I bought myself a new handheld at the Newark rally earlier this year, an Anytone AT-D878UV to use on DMR. When I went on holiday in October, I took a couple of copies of RadCom with me and in one of them there was a review of my handheld. The author mentioned that he’d used it through a hotspot and this got me thinking because although there’s a DMR repeater near me, I’d never played around or experimented with hotspots. In fact, I’d never even seen one!
I like learning about new things so I contacted the author of the review asking for recommendations about hotspots and he suggested the Zumspot as being a decent pre-built hotspot that’s easy to get going. I dutifully ordered one while I was away and it was waiting for me by the time I got home.
Setting it up was very straightforward and within a few minutes, I had it all up and running and working perfectly with my handheld. I quickly learned all about the different modes it can be used with and spent some time upgrading it to the latest version of the software and fine tuning it.
I decided that I’d like another hotspot to use with D-STAR as there are many reflectors not available through the local D-STAR repeater and I thought it might be interesting to listen to some of them.
Rather than buy another Zumspot I thought I’d try and buy all the parts needed to assemble one myself and see how cheaply I could do it.
There are lots of MMDVM modems available on eBay so I just picked this one at random and ordered it. It wasn’t quite the cheapest but it was within a few pennies of the absolute cheapest. I paid £14.07 but I see that the same module from the same supplier has now dropped to £13.39.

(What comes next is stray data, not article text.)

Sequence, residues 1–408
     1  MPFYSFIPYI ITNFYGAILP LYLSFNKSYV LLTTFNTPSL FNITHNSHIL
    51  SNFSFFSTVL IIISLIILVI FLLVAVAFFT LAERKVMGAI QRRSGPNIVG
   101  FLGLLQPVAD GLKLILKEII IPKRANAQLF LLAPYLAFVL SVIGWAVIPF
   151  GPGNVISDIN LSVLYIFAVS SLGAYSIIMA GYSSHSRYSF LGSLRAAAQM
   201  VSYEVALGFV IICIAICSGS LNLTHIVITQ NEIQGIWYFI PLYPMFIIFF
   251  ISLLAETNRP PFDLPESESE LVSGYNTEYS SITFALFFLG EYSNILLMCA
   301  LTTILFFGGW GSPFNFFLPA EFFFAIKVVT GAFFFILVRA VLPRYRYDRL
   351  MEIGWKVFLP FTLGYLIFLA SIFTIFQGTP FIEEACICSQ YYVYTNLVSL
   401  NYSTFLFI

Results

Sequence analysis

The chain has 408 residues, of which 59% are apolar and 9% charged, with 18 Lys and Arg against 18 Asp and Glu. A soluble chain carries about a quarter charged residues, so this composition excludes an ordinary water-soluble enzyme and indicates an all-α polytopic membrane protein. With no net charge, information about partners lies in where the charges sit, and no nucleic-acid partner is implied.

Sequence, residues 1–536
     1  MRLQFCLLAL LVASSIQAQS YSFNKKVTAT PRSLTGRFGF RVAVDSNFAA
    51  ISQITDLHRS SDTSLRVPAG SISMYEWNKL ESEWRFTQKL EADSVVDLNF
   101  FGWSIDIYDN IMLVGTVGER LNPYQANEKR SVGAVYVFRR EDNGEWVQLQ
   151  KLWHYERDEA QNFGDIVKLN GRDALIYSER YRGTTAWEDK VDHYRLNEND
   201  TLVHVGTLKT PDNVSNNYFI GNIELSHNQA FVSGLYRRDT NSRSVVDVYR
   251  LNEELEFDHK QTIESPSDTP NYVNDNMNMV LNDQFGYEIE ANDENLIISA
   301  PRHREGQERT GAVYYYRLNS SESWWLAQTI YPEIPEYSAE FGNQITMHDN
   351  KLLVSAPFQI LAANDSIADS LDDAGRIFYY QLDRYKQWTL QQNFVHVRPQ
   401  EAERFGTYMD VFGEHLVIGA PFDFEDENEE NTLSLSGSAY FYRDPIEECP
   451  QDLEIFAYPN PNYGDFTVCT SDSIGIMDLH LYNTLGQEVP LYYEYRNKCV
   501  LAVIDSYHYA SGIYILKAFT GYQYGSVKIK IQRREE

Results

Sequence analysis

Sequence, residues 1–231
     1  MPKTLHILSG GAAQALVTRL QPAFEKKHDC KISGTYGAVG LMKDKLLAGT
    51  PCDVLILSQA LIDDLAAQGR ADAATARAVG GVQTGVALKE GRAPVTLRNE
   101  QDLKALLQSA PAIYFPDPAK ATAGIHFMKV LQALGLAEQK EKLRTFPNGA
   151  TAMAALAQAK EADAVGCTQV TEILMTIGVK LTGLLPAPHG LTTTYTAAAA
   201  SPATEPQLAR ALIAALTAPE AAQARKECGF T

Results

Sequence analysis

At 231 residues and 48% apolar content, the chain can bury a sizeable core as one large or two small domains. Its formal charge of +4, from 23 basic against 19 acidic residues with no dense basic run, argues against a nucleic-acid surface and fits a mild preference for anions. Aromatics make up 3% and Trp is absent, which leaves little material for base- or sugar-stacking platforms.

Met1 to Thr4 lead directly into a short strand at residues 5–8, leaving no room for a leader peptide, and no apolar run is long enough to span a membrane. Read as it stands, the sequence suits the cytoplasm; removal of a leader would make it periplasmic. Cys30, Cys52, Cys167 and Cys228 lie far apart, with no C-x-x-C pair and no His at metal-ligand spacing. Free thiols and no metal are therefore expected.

It arrived quicker than expected as well – I ordered on the 1st November and it was delivered on the 13th November which I thought was pretty good considering it came from China. Unusually, the online tracking worked as well.
This is what I got:
The two sets of pins are for the GPIO header on a Raspberry Pi and the SMA aerial socket needs soldering to the board. The size is perfect for mounting on a Raspberry Pi Zero W and I had one spare so it only took a few minutes to solder the header and the socket in place and I quickly had a unit ready to go.
I wrote the SD card with a Pi-Star image, put it in the Pi and booted it. I’m not going to go into the details of how to write a card or configure Pi-Star as there are many places on the internet showing how to do this. The site by Toshen, KE0FHS is the best I’ve found for Pi-Star resources and you can visit it here. It took me about ten minutes to set everything up and reboot it.
A lot of hotspots come with little screens on them. In the limited time I’ve had the Zumspot, I really don’t look at the screen at all so I didn’t include one as part of my build.
This homebrew hotspot is working as well as the Zumspot. It doesn’t come in a fancy case, it doesn’t come with a screen but neither of those are important to me as I just want functionality.
Here’s a full breakdown of the cost:
MMDVM modem from eBay – £14.07
Raspberry Pi Zero W – £9.60
Raspberry Pi PSU – £8.00
16Gb SD card – £5.99
Total cost – £37.66
I could have built four of these for less than the cost of the Zumspot.
I’m not saying that people shouldn’t buy commercial hotspots but just wanted to demonstrate that it’s very easy to get the parts separately and assemble a fully working hotspot.